• Can any of these new agents (eg, sipuleucel-T with PROSTVAC-VF or abiraterone with MDV3100) be combined for greater efficacy with acceptable toxicity?
• What are the financial implications of all these new agents in the care of men with CRPC? (Table 2 outlines the agents and costs, which do not include the costs of drug administration, laboratory analysis, and supportive care.)
In conclusion, the rapid approval of several novel agents has given prostate cancer patients and their treating physicians many new and effective therapeutic options. This is a very exciting era in the management of CRPC. These newly approved agents and those in the pipeline present the real possibility of prolonging survival and the hope of turning the disease into a chronic condition. However, the optimal timing and the potential to combine these new agents with other medical therapies is not well defined. Over the last several years, the prostate cancer community has demonstrated the ability to successfully design and complete important trials, redefining the treatment of advanced prostate cancer. Moving forward, we must focus on defining the optimal use of these agents and supporting the clinical trials needed to accomplish this task.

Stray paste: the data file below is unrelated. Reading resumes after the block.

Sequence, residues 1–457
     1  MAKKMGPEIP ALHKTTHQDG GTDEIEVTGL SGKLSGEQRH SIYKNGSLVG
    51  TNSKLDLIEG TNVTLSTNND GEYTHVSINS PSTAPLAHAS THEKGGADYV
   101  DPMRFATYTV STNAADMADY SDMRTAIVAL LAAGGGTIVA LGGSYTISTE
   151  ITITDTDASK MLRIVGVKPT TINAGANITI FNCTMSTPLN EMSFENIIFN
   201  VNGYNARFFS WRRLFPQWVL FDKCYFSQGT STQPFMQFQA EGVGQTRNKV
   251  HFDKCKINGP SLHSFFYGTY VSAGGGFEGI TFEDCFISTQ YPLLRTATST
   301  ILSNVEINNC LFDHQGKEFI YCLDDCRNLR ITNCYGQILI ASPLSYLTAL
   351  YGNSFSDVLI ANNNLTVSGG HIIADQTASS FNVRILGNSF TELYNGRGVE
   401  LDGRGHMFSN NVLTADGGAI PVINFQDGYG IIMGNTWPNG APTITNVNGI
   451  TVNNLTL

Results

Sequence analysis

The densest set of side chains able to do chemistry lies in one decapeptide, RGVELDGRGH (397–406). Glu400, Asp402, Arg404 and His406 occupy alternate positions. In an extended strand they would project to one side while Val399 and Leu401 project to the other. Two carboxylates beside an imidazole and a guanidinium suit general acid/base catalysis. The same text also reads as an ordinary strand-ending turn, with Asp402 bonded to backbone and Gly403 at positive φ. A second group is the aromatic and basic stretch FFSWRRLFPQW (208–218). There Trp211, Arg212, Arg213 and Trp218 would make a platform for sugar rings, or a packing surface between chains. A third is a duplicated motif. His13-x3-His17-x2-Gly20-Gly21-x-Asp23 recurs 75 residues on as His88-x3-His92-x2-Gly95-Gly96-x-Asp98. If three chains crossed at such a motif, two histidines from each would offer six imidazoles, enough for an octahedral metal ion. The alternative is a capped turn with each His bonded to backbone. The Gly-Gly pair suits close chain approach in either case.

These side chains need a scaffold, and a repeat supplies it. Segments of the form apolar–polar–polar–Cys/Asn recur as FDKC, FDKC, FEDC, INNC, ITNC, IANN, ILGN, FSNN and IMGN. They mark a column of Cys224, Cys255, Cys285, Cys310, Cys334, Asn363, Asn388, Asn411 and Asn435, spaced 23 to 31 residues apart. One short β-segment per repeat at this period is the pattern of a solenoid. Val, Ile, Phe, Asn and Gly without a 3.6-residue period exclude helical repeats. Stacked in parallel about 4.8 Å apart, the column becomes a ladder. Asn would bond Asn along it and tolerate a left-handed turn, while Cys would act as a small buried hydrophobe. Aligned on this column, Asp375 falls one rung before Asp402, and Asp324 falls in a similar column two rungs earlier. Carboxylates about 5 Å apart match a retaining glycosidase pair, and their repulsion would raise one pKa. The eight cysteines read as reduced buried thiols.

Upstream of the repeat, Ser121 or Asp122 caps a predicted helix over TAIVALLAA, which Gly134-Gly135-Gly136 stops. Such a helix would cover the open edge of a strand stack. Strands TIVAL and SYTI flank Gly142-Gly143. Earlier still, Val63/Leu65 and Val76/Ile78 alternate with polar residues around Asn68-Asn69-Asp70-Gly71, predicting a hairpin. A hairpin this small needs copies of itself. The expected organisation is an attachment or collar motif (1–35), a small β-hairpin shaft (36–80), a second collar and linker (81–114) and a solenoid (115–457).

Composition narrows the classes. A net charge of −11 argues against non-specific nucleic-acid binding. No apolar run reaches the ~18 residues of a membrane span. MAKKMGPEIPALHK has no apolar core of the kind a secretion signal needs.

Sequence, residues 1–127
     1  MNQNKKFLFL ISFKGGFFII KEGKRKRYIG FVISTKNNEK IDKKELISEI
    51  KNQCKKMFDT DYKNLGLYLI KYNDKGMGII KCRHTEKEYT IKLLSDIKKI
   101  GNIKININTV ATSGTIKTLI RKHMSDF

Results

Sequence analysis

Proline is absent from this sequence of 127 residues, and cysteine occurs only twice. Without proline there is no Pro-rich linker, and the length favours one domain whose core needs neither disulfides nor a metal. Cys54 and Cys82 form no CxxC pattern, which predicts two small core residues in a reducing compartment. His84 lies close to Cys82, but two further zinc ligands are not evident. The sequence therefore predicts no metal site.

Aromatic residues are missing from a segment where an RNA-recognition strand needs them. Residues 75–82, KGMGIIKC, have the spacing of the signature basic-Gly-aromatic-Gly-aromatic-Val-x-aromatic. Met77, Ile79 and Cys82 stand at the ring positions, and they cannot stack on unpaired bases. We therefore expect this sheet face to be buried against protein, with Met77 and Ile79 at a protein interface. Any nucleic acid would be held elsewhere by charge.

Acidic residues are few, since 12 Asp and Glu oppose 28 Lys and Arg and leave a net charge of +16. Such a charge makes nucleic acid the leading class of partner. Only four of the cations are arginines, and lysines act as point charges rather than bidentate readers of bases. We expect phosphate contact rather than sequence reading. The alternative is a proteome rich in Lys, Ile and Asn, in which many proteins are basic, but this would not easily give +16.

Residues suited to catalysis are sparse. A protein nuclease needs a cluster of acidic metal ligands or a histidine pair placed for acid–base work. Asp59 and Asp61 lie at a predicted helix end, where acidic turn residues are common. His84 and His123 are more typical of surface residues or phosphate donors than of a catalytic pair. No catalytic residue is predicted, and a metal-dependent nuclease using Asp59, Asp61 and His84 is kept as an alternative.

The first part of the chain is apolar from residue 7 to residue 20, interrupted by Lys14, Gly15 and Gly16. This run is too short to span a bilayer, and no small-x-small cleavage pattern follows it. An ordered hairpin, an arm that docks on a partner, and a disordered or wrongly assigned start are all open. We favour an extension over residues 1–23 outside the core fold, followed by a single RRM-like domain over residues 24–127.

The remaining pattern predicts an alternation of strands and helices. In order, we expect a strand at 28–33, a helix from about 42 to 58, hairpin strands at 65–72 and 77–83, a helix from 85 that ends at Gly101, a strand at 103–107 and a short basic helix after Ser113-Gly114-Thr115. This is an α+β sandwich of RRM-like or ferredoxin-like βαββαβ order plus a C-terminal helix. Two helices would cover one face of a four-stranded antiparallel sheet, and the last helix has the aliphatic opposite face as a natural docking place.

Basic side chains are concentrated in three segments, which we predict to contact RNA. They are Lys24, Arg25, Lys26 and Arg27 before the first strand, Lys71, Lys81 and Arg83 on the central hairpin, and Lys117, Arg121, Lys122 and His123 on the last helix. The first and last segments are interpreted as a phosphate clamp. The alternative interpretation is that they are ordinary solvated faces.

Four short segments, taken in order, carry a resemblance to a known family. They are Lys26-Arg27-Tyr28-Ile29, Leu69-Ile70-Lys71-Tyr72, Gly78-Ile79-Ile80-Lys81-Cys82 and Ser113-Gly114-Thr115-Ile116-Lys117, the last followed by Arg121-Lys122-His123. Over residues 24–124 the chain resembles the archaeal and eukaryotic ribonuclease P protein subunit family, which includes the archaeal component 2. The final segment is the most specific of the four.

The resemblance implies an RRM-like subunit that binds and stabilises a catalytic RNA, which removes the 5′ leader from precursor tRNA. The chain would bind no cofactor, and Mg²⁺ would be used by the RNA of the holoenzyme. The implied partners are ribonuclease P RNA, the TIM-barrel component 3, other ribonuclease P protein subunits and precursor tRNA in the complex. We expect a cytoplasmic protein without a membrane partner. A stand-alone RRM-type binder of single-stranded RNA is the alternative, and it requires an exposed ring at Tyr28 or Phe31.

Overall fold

Financial Disclosure: Dr. Crawford serves on the advisory board, and his wife is an employee, of Ferring. Dr. Crawford also serves on the advisory boards of sanofi- aventis, Janssen, Amgen and Dendreon. Dr. Flaig serves as a consultant to sanofi-aventis and has received an honorarium from Amgen.